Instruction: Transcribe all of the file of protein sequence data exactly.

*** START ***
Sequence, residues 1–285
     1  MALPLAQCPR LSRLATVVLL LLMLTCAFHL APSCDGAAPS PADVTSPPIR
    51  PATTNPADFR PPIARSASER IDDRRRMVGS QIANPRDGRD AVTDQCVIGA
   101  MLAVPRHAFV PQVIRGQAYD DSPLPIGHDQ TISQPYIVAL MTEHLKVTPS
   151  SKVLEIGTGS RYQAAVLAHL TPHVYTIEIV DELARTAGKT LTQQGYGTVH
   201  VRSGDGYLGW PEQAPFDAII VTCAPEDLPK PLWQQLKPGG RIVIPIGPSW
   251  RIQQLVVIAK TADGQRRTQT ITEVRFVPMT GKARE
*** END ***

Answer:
Sequence, residues 1–285
     1  MALPLAQCPR LSRLATVVLL LLMLTCAFHL APSCDGAAPS PADVTSPPIR
    51  PATTNPADFR PPIARSASER IDDRRRMVGS QIANPRDGRD AVTDQCVIGA
   101  MLAVPRHAFV PQVIRGQAYD DSPLPIGHDQ TISQPYIVAL MTEHLKVTPS
   151  SKVLEIGTGS RYQAAVLAHL TPHVYTIEIV DELARTAGKT LTQQGYGTVH
   201  VRSGDGYLGW PEQAPFDAII VTCAPEDLPK PLWQQLKPGG RIVIPIGPSW
   251  RIQQLVVIAK TADGQRRTQT ITEVRFVPMT GKARE